1973 Sweekar Dr. Verma
1973 Heera Panna Diwan Karan Singh
1973 Anamika Shiv Prasad
1973 Garm Hava Ajmani Sahab, A Sindhi trader
1974 Nirmaan Advocate
1974 Aap Ki Kasam Kamal's Father
1974 Do Nambar Ke Amir Devakinandan Sharma
1974 Kora Kagaz Principal Gupta
1974 Doosri Sita Masterji - Babulal Wagle
1974 Trimurti Jagannath
1974 Bidaai Ramsharan
1974 Us Paar Mohan's father
1974 Ishq Ishq Ishq Guruji
1974 Garm Hava
1975 Deewaar Chander's Father
1975 Aandhi Brinda kaka
1975 Anokha Hridaynath
1975 Sholay Imaam Saheb / Rahim Chacha
1975 Salaakhen Ram Lal, Seema's father
1976 Zid
1976 Sankoch Gurucharan
1976 Balika Badhu Masterji
1976 Zindagi Doctor
1976 Tapasya Chandranath Sinha
1976 Raees
1976 Mera Jiwan Medical college dean
1976 Jeevan Jyoti Raja Kamlakar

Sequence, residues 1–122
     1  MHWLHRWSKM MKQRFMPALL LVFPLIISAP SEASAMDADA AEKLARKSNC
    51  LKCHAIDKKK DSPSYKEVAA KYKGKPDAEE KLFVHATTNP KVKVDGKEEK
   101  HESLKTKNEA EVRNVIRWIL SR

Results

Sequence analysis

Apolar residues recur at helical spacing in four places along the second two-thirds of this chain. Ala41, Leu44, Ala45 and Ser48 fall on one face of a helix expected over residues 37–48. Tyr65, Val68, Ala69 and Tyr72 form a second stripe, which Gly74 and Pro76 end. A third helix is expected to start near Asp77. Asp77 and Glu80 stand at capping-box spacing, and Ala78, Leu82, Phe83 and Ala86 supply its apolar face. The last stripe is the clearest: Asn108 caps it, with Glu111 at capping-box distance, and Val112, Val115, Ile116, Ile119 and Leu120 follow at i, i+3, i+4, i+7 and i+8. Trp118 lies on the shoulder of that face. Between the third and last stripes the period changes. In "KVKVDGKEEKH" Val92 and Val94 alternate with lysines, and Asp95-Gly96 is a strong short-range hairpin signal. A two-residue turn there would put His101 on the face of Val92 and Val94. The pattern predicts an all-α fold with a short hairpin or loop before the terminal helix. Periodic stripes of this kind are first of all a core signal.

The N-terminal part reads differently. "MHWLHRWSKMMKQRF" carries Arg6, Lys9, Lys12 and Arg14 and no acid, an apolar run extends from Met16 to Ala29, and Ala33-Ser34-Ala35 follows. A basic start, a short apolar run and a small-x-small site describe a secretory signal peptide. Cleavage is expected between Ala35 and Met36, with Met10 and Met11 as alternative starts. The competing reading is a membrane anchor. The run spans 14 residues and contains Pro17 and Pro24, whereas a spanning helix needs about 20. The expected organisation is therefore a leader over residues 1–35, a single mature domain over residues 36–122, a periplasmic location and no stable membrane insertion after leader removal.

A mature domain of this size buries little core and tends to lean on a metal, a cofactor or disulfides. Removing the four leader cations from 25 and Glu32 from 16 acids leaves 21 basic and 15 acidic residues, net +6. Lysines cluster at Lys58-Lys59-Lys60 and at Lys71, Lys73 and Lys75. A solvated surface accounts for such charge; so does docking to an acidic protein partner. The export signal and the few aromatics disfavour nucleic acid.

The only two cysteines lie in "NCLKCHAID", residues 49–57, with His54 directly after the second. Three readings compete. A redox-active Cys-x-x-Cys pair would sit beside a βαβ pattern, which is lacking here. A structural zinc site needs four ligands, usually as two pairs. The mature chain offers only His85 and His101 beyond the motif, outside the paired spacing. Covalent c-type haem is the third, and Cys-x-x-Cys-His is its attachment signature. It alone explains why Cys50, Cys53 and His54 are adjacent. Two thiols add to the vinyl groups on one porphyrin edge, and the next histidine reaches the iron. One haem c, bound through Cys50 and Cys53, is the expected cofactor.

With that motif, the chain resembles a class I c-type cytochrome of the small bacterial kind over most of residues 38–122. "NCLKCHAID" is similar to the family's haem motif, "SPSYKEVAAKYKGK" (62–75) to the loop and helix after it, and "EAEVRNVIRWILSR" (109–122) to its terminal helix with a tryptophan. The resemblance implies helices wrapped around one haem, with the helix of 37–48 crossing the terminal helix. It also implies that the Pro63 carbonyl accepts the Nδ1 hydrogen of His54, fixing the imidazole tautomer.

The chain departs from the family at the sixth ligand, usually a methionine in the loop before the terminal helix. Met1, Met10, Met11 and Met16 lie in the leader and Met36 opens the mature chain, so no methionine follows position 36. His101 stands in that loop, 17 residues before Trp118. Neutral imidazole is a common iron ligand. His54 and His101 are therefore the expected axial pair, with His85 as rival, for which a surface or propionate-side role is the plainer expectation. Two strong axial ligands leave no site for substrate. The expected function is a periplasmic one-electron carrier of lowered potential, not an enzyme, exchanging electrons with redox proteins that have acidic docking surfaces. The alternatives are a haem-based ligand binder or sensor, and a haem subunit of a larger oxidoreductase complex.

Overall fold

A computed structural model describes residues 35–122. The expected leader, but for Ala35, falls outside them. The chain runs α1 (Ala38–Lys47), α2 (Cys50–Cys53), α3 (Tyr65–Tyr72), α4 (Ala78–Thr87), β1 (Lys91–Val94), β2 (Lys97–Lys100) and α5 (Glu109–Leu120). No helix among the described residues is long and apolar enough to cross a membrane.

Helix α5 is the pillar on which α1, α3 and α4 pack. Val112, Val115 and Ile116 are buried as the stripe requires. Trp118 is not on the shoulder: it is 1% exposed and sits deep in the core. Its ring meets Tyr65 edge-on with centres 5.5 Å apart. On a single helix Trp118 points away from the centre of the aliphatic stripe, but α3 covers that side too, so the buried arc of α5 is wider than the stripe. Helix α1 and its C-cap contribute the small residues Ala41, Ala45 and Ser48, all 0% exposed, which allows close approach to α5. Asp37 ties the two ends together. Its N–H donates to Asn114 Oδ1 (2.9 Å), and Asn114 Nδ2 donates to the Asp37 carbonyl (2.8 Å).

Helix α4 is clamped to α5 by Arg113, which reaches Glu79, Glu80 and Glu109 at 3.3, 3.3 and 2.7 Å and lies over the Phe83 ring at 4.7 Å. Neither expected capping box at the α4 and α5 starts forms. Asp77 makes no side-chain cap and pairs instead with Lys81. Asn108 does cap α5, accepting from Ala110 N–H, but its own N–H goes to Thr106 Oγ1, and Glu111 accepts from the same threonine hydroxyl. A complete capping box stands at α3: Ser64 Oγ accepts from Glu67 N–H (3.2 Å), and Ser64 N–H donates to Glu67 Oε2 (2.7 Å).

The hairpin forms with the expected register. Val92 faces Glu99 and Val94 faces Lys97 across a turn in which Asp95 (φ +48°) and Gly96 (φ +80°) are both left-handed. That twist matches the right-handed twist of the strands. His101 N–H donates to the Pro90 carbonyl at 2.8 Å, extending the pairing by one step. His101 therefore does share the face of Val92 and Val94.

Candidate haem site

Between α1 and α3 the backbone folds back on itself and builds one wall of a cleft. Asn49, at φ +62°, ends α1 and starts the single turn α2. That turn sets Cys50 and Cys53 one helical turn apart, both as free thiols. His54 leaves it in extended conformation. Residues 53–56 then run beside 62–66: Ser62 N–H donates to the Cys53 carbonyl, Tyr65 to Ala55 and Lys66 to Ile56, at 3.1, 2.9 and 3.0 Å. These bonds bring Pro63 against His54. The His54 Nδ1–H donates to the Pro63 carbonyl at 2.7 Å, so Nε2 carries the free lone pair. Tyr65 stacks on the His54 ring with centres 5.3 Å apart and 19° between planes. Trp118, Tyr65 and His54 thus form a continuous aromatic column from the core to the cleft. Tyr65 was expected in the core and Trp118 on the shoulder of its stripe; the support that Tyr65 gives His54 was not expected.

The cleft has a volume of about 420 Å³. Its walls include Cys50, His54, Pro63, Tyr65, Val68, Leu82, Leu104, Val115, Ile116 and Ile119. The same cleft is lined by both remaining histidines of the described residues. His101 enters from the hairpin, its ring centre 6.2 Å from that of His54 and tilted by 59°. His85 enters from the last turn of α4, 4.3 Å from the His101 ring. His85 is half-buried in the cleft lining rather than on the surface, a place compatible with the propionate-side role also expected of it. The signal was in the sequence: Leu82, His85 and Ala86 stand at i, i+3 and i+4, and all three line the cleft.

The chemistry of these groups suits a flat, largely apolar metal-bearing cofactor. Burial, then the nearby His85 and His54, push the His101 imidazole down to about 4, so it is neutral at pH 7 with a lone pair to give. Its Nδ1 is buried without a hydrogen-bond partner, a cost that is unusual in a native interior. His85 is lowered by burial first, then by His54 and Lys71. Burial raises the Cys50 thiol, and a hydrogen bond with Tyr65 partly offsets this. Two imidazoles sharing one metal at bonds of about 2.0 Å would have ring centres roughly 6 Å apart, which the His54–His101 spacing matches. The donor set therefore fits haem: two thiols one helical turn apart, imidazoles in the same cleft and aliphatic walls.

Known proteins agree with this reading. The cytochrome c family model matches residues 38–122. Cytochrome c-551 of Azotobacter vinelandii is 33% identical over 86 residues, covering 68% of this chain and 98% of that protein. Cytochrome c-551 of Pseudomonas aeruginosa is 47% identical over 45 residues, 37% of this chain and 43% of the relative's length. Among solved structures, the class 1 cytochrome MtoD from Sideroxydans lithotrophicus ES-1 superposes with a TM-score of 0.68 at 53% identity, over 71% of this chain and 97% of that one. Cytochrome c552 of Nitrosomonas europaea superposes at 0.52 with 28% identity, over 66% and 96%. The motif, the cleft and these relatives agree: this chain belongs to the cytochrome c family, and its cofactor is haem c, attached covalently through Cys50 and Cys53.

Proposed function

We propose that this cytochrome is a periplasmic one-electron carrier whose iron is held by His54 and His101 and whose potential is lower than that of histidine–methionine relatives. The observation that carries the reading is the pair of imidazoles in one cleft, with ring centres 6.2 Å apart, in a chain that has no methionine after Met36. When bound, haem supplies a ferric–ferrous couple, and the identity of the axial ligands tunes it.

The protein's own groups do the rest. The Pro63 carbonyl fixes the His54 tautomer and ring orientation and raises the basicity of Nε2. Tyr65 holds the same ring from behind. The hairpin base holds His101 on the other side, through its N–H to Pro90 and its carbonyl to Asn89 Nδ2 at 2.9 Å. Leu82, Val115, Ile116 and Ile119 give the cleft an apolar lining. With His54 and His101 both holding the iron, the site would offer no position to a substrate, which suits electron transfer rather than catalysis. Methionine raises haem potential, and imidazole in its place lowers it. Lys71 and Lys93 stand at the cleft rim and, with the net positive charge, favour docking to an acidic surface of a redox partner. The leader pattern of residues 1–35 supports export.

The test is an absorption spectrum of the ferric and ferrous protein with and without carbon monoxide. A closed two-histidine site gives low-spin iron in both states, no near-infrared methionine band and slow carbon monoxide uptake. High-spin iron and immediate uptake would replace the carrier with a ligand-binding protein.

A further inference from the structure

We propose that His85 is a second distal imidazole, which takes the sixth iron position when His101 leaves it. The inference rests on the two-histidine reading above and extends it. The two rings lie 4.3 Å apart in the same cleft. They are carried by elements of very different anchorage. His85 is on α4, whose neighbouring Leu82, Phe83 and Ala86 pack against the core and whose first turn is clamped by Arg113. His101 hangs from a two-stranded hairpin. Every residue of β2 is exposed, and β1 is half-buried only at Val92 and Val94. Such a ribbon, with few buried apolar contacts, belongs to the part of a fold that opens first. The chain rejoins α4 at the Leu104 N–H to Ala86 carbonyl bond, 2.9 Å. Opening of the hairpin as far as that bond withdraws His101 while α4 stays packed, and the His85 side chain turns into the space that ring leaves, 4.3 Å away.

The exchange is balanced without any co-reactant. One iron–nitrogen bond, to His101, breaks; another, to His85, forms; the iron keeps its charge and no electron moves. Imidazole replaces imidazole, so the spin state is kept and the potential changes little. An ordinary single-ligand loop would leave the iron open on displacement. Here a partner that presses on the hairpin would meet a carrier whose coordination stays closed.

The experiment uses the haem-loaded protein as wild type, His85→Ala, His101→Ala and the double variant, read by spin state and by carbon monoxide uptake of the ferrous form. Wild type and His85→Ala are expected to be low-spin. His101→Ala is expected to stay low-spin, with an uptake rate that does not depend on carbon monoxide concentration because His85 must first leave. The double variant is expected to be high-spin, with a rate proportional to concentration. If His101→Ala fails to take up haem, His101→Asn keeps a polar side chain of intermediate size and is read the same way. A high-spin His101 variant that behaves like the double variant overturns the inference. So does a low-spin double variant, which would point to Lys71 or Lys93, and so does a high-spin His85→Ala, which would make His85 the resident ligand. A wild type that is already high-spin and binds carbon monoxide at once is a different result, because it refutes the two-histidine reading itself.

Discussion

1976 Chitchor Pitamber Choudhry
1976 Aaj Ka Ye Ghar Dinanath
1977 Immaan Dharam Masterji, Shyamlee's Father
1977 Aaina Ram Shastri
1977 Alaap Pandit Jamuna Prasad Guest Appearance
1977 Mukti Colonel
1977 Chala Murari Hero Banne Murari's Father
1977 Paheli Masterji
1977 Kalabaaz Poojary
1977 Aafat
1978 Jogi
1978 Badalte Rishtey Professor
1978 Satyam Shivam Sundaram: Love Sublime Bansi, Rupa's uncle
1978 Besharam Ramchandra
1978 Naukri Ranjit's Father
1978 Des Pardes Pujari
1978 Tumhare Liye Bhavani
1978 Swarg Narak Geeta's Father
1978 Chakravyuha Nandita's Father
1979 Prem Bandhan
1979 Inspector Eagle Anthony Pinto
1979 Jurmana Pandit Prabhakar Chaturvedi / Nandlal's Mamaji
1979 Meera Saint Raidas
1979 Khandaan Masterji, Usha's father
1979 Manzil Anokhelal
1979 Ladke Baap Se Badke Principal, St. Andrew's High School
1979 Zulm Ki Pukar
1979 Ratnadeep
1979 Amar Deep Ramu kaka
1980 Kali Ghata Deewaan
1980 Kashish Ramesh's father
1980 Thodisi Bewafaii Arvind Kumar Choudhary
1980 Phir Wohi Raat Vishwanath
1980 Neeyat Dinanath
1980 Humkadam Raghunath Gupta
1980 Hum Paanch Pandit
1980 Judaai Narayan Singh, Gauri's father
1981 Krodhi Masterji, Kumar's father
1981 Naram Garam Vishnuprasad / Masterji
1981 Kalyug Bhisham Chand
1981 Kudrat Billi Ram
1981 Baseraa Sharda's father
1981 Kahani Ek Chor Ki